4. #14
    Prior Member Tim Digger's Avatar
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    Surely one of the high quality condenser humidifier filters at the patient y conector would be adequate to the task? But I suppose they are in short supply as well and many of the bacterial/viral filters that claimed to be humidifiers were inadequate to the task of humidifying gases. I remember it was a while before we found one that functioned reasonably well and that was inferior to a proper warm high flow humidifier.
    Evolution is great at solving problems. It's the methods that concern me.
    Tim Digger

  5. #15
    Last of the Mohicans gobfish1's Avatar
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    Quote Originally Posted by simon mitchell View Post
    Further to Tims post,

    The reason for this issue arising (and we are going through the exact same thing in NZ) is that there are attempts to adapt the many ventilators on anaesthetic machines usually used only in the operating rooms for longer term care of covid patients. These operating room systems are set up to operate with very little gas flowing into them (more or less just replacing the oxygen and anaesthetic gas consumed); very much like our closed circuit diving rebreathers which replace only oxygen consumed. Operating room ventilator systems require CO2 scrubber to work in this mode, just like our diving rebreathers. Tim is right in saying that you can operate one of these systems without a CO2 scrubber just by having so much fresh gas flowing into the loop (like a constant diluent flush in rebreather diving terms) that it washes out any CO2 and prevents accumulation in the loop. There are two problems with this though: one that Tim mentioned is gas supply; and the other is humidification of the inspired gas. High flow gas into the circuit would be too dry for long term ventilation, so if we are going to use operating room ventilator systems, we either need to use them with low fresh gas flows and CO2 scrubber (so that moisture is not washed out of the circuit) or high fresh gas flows and no CO2 scrubber with a humidifier incorporated in the circuit. The humidifiers are also a scarce resource, so there are no easy options. We are looking at both modes of use.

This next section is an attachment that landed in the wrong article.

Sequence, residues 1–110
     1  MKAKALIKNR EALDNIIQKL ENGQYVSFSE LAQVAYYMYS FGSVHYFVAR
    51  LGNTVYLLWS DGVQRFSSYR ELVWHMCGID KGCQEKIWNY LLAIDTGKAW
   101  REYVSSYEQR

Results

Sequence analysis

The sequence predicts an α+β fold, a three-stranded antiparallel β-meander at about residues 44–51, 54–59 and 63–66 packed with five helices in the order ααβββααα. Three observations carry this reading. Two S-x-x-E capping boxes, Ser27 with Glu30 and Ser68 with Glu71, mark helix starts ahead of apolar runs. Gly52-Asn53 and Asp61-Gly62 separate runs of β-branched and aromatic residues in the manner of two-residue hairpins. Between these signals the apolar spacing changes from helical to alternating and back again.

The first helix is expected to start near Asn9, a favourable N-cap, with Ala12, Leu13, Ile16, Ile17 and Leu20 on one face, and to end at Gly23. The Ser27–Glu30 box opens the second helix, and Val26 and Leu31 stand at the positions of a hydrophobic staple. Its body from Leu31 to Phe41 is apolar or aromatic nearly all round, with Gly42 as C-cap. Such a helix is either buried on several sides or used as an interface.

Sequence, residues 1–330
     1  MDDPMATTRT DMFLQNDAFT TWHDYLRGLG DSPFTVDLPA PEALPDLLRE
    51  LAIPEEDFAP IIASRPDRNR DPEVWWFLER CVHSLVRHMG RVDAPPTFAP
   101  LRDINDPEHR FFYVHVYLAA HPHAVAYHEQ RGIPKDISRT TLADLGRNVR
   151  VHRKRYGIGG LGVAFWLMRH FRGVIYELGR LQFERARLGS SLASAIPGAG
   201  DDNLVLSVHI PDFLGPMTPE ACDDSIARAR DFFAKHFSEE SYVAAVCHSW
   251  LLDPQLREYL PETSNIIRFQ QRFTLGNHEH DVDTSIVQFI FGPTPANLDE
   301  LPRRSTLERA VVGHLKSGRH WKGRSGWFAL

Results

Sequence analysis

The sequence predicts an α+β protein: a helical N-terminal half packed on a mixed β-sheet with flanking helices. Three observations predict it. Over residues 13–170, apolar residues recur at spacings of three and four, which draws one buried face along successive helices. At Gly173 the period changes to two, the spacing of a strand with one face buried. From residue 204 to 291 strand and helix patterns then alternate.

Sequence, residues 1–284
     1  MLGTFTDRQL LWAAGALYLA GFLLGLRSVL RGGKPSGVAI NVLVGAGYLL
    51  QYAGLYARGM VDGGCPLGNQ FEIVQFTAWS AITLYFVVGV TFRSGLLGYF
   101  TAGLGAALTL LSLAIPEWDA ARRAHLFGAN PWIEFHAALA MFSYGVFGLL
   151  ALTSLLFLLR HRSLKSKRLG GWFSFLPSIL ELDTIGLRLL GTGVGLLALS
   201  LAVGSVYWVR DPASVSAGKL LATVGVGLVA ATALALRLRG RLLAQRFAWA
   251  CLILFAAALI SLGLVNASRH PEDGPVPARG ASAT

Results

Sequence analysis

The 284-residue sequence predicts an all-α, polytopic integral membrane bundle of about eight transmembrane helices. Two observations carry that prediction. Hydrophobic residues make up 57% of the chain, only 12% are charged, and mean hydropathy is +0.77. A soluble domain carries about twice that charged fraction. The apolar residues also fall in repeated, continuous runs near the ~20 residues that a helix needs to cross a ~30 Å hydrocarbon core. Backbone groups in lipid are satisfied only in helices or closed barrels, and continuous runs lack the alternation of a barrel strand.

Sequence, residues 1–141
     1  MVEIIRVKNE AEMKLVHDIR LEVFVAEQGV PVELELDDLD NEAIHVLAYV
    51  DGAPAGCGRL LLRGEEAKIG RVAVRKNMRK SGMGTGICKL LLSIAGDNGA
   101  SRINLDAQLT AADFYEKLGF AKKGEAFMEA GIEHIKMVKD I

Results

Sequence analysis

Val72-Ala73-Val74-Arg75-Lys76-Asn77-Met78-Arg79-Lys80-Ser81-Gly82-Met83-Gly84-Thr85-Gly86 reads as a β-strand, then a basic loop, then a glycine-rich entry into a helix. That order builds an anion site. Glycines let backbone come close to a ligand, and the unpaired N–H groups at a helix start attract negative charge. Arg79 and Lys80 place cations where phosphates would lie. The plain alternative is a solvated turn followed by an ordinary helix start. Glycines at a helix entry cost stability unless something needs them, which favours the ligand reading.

Simon M
    Hi Simon
    Just wanted to ask what sort of volume o2 wise
    Would be required to keep someone ventilated for
    Say 24 hour s * 14 days
    None diver as of 2018.

  6. #16
    Prior Member Tim Digger's Avatar
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    Very dependent on ventilator design and settings. ITU ventilators are profligate with gases. Maybe 1200 litres an hour possibly more. Theatre ventilators in order to conserve expensive anaesthetic agents and prevent pollution are much less so, much like your rebreather but then they use CO2 absorbers which is back to the start of the thread.
    Evolution is great at solving problems. It's the methods that concern me.
    Tim Digger

  7. #17
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    Hi gobfish,

    Yep, as Tim says. Just to put a harder number on the anaesthesia machine option, with an anaesthetic machine ventilator on a closed anaesthetic circuit with CO2 scrubber and a sedated patient the oxygen consumption would be about 300 - 400 ml per minute.

    Simon

  8. #18
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    One thing I have being considering was using a membrane oxygen generator.